“The Government has been aware of their existence for 10 years and done nothing to stop them.
“This is totally unacceptable and frankly, quite unbelievable.”
He said immediate action was needed:
“The Government must restrict the term ‘college’, to prevent any premises above a fish and chip shop from being able to claim it is a reputed educational institution.”
The MPs said this would protect students from coming to sub-standard, unregulated places.
The committee did not find any substantial evidence of the alleged link between bogus colleges and terrorist activity.
Immigration Minister Phil Woolas said:
“No institution can bring students into the country unless we are satisfied they are genuine – this includes approval by an accredited body, and assessment of their premises, courses and teaching staff.
“Since April, the UK Border Agency has carried out nearly 100 unannounced checks on institutions throughout the UK and they are doing more every week.”
“Before we tightened controls around 4,000 UK institutions offered courses to foreign students, but under the new system only around 1,600 can currently bring students into the country from outside Europe.
“We have already rejected over 500 establishments’ applications.”
Even allowing for those colleges currently in the pipeline, these figures would indicate that the new system is weeding out bogus colleges previous on the old DIUS register.
The report follows a BBC London television investigation earlier this year into a small number of bogus colleges, one in particular using the name of ‘Cambridge’, which was offering diplomas without study.
There are a number of legitimate colleges using the name ‘Oxford’ or ‘Cambridge’ which are clearly not connected with the real Universities, however, this does not mean they are bogus or offer fake qualifications.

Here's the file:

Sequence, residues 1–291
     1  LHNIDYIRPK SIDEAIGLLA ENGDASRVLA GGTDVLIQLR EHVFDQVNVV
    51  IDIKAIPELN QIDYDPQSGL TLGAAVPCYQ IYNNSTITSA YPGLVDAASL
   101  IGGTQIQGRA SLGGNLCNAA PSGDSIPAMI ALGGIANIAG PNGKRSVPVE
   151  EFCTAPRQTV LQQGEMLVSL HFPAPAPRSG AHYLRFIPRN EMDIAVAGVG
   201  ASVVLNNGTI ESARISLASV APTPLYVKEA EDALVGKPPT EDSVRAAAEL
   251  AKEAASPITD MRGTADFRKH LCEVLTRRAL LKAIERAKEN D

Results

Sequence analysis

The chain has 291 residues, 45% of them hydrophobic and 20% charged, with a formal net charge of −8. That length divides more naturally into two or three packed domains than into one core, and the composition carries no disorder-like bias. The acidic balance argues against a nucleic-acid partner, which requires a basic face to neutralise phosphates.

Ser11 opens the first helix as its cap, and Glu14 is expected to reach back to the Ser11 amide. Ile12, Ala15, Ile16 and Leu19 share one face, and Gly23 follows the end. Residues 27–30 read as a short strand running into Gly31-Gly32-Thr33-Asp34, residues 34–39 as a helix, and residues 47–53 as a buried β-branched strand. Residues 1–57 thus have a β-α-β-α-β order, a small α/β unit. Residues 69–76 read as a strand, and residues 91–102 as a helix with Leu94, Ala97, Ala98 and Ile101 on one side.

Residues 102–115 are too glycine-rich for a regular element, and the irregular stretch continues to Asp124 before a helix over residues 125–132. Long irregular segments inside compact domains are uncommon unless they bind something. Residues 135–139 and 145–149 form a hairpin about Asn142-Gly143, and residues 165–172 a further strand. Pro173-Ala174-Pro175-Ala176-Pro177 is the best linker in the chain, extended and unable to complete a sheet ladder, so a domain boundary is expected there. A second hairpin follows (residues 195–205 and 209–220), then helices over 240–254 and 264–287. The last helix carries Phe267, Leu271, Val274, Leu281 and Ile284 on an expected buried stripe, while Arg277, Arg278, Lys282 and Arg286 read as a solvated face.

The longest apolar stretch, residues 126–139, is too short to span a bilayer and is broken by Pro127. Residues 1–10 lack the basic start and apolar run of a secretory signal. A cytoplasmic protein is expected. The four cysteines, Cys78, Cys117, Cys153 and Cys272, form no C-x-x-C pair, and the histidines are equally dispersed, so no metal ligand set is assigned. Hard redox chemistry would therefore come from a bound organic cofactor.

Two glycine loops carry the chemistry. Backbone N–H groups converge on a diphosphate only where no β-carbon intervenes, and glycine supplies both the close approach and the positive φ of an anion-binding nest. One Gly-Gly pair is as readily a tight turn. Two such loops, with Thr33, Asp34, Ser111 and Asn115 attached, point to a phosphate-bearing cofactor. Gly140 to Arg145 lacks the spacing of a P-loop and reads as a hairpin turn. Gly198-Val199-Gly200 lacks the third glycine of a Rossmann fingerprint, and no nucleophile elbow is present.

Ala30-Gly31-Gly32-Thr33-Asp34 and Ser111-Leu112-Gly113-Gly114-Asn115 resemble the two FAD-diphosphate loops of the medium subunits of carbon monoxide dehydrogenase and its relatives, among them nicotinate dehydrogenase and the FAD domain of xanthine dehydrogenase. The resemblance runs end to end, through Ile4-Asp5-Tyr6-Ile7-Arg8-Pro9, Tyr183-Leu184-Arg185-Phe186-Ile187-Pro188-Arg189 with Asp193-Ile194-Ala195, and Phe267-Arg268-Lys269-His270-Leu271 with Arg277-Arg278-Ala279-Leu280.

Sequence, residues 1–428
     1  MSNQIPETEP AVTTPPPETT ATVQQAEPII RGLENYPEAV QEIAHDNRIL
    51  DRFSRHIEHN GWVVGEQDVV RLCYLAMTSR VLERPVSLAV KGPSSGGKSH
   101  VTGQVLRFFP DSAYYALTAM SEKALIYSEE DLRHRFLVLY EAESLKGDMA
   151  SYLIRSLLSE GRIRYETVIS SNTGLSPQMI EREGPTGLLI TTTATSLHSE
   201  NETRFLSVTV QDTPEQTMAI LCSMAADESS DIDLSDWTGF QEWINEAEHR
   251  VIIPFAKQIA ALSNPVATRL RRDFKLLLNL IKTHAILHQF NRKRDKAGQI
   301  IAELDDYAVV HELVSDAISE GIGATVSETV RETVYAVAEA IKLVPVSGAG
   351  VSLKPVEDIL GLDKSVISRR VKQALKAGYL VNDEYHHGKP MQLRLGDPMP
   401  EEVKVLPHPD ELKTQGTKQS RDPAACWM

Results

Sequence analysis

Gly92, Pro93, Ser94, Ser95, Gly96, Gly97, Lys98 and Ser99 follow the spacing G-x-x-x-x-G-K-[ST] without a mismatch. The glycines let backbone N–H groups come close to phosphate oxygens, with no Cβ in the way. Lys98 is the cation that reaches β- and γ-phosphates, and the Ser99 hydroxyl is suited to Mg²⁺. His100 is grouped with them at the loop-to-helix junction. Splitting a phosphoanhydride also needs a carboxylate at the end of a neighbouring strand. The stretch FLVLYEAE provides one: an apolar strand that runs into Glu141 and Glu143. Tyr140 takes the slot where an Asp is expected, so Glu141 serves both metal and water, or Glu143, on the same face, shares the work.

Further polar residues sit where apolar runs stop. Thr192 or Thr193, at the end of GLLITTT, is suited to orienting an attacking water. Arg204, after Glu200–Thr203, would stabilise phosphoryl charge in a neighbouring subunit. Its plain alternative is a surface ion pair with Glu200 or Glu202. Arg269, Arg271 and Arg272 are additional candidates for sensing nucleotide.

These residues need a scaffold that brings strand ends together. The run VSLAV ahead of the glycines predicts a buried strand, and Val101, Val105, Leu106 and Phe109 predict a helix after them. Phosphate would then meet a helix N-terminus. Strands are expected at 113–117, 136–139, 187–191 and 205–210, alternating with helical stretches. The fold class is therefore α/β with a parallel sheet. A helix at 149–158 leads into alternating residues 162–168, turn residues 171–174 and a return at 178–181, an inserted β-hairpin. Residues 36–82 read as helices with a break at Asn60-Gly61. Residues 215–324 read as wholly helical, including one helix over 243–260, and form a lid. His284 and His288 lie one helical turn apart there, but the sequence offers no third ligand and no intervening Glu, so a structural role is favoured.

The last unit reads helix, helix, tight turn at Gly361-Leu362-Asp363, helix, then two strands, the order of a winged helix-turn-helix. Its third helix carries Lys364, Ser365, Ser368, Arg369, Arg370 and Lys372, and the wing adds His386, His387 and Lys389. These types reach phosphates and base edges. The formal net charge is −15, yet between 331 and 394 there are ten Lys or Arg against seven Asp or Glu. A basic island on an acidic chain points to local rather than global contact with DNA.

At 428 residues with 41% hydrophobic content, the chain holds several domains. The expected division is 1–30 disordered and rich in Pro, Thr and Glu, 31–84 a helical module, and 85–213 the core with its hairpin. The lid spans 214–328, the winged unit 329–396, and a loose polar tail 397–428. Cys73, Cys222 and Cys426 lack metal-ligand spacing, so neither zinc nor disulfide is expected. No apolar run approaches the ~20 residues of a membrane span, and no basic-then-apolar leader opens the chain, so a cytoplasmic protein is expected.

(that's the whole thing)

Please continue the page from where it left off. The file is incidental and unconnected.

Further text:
Immigration Matters Comment
The committee’s report appears to be based mostly on pure supposition and on “expert testimony” from partisan witnesses. It has produced little or no hard evidence to back its vague claims.
Even if the reports figures of illegal immigration were correct, they would be the result of the previous regulatory system which the Government has spent the last five years and millions of pounds overhauling.
For Mr Vaz, an MP – no stranger to immigration controversy in the Hinduja Brothers case some years ago, leading to his exile to the back benches – to say that the Government has “done nothing” undermines his own Labour controlled Government’s work in bringing about the biggest shake up in immigration history: points based system, UK Borders Act, Borders, Immigration and Citizenship Act and a raft of other immigration rule changes. One wonders what planet Mr Vaz has been living on for the last few years.
Even with laws and regulations, there will always be a rogue element in any walk of life, whether it be cowboy builders or Members of Parliament fiddling their expenses and claiming for non-existent mortgages.
We all deplore the crooks who run bogus colleges and those who disappear with students money without providing any training. But let’s not tar every small college with the same brush, or “conclude” that because they are not yet on the sponsors register they must be bogus.
The UK Border Agency has introduced a tough new regulatory system for student visas, including abolishing the right of appeal, less than four months ago. We should at least give the system a chance to prove itself before shooting it down in flames.
Overseas students are worth £8 billion to the UK’s cash-strapped economy, according to Home Office figures.